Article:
I work at a PATH Premier Center, and am getting my own PATH instructor certification. It's a voluntary organization, and by becoming a member, you agree to maintain a certain set of safety and horse care standards. To gain certification for your program, you agree to an on-site "inspection" by a team representing PATH. To gain instructor certification, you take a series of written and in-person tests, along with teaching and riding demonstrations. It's a rigorous process for centers or instructors.
That said, it's completely voluntary. Anyone can say they're offering therapeutic riding, but it's up to participants to do their homework and understand if the people offering the program have appropriate credentials. I'm willing to believe that there are qualified people running therapeutic programs who don't want to deal with the time & expense of gaining PATH certification, or maybe just don't know about it. But as a consumer, I would want to send my child or family member to a certified center because of the standards that I know they would be meeting. That's why PATH Intl. and member centers do work hard to educate the public on what attaining certification really means.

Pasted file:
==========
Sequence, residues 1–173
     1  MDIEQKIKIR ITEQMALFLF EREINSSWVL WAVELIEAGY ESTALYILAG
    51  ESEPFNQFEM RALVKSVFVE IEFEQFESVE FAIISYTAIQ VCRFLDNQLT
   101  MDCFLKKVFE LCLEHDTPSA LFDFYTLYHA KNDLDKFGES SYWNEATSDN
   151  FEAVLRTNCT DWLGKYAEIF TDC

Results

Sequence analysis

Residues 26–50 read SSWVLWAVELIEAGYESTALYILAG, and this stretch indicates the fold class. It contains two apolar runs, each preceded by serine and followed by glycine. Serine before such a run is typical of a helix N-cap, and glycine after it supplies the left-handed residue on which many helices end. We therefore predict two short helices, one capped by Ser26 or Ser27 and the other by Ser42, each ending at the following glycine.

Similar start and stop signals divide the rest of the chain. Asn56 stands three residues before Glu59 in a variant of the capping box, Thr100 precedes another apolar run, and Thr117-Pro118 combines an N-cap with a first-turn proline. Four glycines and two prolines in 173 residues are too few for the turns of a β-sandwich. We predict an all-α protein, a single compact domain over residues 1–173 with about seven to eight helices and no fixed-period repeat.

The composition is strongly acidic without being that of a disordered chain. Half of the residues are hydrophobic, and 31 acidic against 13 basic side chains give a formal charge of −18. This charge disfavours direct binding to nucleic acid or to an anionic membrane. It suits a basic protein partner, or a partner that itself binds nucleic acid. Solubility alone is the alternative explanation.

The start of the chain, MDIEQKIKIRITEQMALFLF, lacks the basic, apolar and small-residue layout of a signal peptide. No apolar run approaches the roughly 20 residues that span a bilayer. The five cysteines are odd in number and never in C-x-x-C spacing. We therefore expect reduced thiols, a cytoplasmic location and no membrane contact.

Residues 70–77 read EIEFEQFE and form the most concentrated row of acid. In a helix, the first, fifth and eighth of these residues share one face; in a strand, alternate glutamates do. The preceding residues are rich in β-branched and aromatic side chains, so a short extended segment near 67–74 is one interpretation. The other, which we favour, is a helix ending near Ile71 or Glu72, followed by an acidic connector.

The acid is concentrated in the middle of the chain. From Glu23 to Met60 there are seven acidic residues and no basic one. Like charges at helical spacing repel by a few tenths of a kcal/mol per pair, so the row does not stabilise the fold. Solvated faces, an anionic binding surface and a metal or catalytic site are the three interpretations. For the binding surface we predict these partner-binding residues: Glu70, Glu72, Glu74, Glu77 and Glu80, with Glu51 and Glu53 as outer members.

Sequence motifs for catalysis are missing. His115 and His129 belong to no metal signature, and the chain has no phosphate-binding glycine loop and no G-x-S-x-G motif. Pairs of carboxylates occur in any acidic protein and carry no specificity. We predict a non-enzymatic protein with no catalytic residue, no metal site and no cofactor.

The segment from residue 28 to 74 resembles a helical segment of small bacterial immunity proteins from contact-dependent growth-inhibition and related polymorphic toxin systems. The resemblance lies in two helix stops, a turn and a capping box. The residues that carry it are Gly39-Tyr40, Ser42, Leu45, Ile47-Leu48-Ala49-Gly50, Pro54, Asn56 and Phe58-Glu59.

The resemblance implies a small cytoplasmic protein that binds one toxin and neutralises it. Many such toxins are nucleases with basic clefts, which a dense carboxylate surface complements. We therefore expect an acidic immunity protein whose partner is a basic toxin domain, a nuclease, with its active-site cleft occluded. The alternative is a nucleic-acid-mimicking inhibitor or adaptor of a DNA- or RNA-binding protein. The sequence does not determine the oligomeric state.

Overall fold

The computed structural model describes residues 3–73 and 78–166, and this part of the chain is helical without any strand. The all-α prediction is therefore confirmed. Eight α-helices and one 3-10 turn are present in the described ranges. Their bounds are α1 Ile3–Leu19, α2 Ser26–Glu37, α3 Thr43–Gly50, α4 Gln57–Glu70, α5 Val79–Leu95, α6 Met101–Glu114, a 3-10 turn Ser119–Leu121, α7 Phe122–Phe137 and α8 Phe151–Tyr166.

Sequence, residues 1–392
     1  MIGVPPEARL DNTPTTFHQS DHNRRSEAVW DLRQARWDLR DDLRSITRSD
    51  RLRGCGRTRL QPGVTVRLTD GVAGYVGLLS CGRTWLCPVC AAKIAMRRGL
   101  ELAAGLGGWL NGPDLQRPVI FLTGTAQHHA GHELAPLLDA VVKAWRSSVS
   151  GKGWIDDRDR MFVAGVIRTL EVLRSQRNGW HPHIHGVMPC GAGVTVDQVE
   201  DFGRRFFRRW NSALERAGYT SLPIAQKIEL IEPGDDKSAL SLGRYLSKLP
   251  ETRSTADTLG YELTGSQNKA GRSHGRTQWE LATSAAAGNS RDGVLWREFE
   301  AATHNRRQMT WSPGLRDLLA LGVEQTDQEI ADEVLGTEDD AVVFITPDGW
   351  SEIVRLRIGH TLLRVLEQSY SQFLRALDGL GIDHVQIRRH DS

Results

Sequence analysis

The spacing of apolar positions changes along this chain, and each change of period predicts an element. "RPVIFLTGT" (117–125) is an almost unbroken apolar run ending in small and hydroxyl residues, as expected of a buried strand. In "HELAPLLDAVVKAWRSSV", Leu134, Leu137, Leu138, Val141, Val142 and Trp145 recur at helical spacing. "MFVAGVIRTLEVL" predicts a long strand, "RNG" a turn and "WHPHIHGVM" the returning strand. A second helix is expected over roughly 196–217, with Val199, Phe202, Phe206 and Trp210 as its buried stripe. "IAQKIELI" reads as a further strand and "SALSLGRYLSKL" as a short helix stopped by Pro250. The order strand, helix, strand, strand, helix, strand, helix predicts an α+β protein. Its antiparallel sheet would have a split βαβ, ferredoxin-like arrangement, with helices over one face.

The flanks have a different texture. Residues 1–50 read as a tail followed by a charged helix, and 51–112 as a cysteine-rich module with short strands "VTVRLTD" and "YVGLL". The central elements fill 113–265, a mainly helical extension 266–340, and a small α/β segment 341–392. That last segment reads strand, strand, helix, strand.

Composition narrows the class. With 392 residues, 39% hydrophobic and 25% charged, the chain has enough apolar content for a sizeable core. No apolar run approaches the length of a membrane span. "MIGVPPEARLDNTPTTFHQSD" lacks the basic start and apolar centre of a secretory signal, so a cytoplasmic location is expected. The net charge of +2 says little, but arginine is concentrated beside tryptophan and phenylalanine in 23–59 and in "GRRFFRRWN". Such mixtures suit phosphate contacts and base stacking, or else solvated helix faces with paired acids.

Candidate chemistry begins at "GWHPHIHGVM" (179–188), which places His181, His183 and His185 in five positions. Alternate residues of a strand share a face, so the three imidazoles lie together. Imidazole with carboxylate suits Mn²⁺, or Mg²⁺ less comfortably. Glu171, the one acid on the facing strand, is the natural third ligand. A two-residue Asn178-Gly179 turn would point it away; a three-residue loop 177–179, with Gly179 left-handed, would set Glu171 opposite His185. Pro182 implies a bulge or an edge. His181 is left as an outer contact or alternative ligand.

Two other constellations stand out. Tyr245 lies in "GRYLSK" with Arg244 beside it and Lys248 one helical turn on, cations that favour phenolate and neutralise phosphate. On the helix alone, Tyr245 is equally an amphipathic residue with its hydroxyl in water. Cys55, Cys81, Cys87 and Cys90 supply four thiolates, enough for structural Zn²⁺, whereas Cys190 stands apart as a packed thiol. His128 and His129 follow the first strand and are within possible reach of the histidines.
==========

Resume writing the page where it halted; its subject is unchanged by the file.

One other thought, while I am not currently living in a place where most insurance companies will pay for therapeutic riding or hippotherapy, I did formerly volunteer at a PATH-certified center that served many children whose insurance covered their lessons; I believe in that instance the insurance company required certified professionals leading the hippotherapy (i.e., PTs & OTs) and that the center itself needed to be certified.
I definitely don't think this place is doing anything "illegal," but I personally would approach what they're offering with a degree of skepticism and would want to know a lot more about their qualifications and future plans.